24 < (N1 )60 ≤ 28 No: 90.9% Yes: 9.1% Node 3
19% < F75 No: 32.1% Yes: 67.9% Node 17
𝜎vo ≤ 97.7 kPa No: 15.6% Yes: 84.4% Node 21
29.8∘ < 𝜑 No: 90.3% Yes: 9.7% Node 20
97.7 kPa < 𝜎vo No: 57.1% Yes: 42.9% Node 22
Figure 3: Final CHAID-SPT tree. Liquefaction No: 57.5% Yes: 42.5% Root node 𝜑 ≤ 26∘ No: 38.3% Yes: 61.7% Node 1
26 < 𝜑 ≤ 27.34 No: 58.5% Yes: 41.5% Node 2
F75 ≤ 93% No: 4.3% Yes: 95.7%
93% < F75 No: 70.8% Yes: 29.2%
F75 ≤ 97% No: 35.3% Yes: 64.7%
97% < F75 No: 100% Yes: 0%
28.49 < 𝜑 ≤ 33.5 No: 48% Yes: 52% Node 4
27.34 < 𝜑 ≤ 28.49 No: 29.4% Yes: 70.6% Node 3 at ≤ 0.07 g No: 17.1% Yes: 82.9%
0.07 g ≤ at No: 56.2% Yes: 43.8%
𝜏av /𝜎vo ≤ 0.28 No: 85.1% Yes: 14.9% Node 13
F75 ≤ 74% No: 60% Yes: 40% Node 18
74% < F75 No: 100% Yes: 0% Node 19
33.5 < 𝜑 ≤ 39.29 39.29∘ < 𝜑 No: 100% No: 77.8% Yes: 0% Yes: 22.2% Node 5 Node 6
0.28 < 𝜏av /𝜎vo ≤ 0.58 0.58 < 𝜏av /𝜎vo No: 0% No: 32.5% Yes: 100% Yes: 67.5% Node 14 Node 15 (N1 )60 ≤ 6 No: 100% Yes: 0% Node 20
6 < (N1 )60 No: 20.6% Yes: 79.4% Node 21
F75 ≤ 93% No: 8.5% Yes: 91.5% Node 25
PHA ≤ 18 g No: 100% Yes: 0% Node 16
18 g < PHA No: 65.1% Yes: 34.9% Node 17
18 < (N1 )60 ≤ 24 24 < (N1 )60 (N1 )60 ≤ 18 No: 19% No: 92% No: 82.4% Yes: 8% Yes: 81% Yes: 17.6% Node 24 Node 22 Node 23
93% < F75 No: 53.8% Yes: 46.2% Node 26
Figure 4: Final CHAID tree.
three different techniques. Based on geotechnical engineering theory, three of the decision trees were developed using SPT as the first variable. The results of the DT models were compared with those of an LR model; the results show that DT models generally have better performance than the LR model for this problem. The two best models (CHAID and CHAID-SPT) were chosen based on the risk values and the sensitivity of the liquefaction prediction. The CHAID-SPT tree has better performance on the unseen (testing) dataset, indicating that basing DT models on engineering fundamentals can improve model performance. The general interpretation of the trees corresponds well with engineering theory, which indicates the reliability of the models. From the interpretation results of the trees, the SPT values and initial soil friction angle values (used as first variables of the trees) have strong correlation. Some terminal nodes have small sample sizes, which may lead to results that are anecdotal. However, these anecdotal conclusions about soil liquefaction assessment are highly informative from an exploratory point of view. As the earthquake parameters do not have a wide range, their interpretation may not be accurate enough. Therefore, for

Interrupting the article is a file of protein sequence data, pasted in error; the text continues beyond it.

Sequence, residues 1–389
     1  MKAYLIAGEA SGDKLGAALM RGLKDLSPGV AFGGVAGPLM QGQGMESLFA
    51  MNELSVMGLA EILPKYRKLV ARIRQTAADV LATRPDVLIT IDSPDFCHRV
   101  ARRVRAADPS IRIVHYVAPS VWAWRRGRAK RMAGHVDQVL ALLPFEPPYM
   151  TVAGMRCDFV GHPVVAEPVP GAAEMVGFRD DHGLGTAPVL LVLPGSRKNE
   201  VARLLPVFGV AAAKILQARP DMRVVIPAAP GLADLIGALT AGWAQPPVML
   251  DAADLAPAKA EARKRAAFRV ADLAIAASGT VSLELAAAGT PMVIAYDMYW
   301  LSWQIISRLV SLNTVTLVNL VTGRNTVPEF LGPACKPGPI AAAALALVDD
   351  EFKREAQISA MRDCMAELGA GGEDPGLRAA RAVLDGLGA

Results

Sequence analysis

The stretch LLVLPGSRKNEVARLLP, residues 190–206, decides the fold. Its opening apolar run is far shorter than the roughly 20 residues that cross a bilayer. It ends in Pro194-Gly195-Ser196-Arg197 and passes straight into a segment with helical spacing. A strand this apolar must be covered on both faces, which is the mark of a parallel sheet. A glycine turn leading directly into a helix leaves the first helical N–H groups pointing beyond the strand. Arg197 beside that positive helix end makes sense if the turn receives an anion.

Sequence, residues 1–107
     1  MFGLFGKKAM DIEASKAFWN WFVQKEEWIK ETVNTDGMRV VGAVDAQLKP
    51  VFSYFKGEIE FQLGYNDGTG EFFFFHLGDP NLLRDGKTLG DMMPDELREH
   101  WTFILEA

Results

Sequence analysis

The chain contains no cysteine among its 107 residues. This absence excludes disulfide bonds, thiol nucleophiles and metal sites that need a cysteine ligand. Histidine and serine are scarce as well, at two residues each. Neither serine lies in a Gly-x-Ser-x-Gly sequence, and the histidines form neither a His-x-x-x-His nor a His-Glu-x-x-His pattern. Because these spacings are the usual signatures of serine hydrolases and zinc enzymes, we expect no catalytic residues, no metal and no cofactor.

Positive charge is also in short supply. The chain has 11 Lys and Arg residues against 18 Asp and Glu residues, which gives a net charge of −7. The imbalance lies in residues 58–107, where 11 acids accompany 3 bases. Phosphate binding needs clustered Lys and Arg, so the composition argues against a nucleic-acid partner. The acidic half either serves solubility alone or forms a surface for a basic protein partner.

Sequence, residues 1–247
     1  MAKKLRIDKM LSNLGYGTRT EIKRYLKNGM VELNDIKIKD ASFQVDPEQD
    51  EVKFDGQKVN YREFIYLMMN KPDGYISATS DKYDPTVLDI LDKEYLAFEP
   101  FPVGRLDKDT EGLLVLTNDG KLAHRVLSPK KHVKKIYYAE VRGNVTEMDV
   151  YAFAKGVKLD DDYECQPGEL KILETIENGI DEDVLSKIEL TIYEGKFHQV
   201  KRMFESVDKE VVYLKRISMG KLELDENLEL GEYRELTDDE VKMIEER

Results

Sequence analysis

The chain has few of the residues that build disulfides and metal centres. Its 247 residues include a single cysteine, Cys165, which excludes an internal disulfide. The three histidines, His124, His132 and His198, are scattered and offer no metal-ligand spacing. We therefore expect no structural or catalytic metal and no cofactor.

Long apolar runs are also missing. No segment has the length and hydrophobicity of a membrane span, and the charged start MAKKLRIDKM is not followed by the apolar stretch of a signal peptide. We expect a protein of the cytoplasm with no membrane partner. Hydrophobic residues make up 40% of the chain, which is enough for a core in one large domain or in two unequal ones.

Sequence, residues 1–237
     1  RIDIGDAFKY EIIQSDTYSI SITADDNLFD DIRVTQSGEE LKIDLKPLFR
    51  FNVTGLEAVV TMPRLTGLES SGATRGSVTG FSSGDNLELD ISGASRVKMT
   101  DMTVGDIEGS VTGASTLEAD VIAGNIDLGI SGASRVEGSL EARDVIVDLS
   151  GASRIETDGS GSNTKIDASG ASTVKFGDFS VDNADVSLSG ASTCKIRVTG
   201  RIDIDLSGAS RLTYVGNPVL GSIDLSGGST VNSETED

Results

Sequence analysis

future research, the database used in this study should be expanded to a wider range of earthquake parameters.
References  A. H. Gandomi, X. S. Yang, S. Talatahari, and A. H. Alavi, “Metaheuristics in modeling and optimization,” in Metaheuristic Applications in Structures and Infrastructures, A. H. Gandomi, X. S. Yang, S. Talatahari, and A. H. Alavi, Eds., chapter 1, pp. 1–24, Elsevier, New York, NY, USA, 2013.  J. Park, D. Ki, K. Kim, S. J. Lee, D. H. Kim, and K. J. Oh, “Using decision tree to develop a soil ecological quality assessment system for planning sustainable construction,” Expert Systems with Applications, vol. 38, no. 5, pp. 5463–5470, 2011.  F. Darve, “Liquefaction phenomenon of granular materials and constitutive stability,” Engineering Computations, vol. 13, no. 7, pp. 5–28, 1996.  S. S. H. Khozaghi and A. J. A. Choobbasti, “Predicting of liquefaction potential in soils using artificial neural networks,” Electronic Journal of Geotechnical Engineering, vol. 12, article 0723, 2007.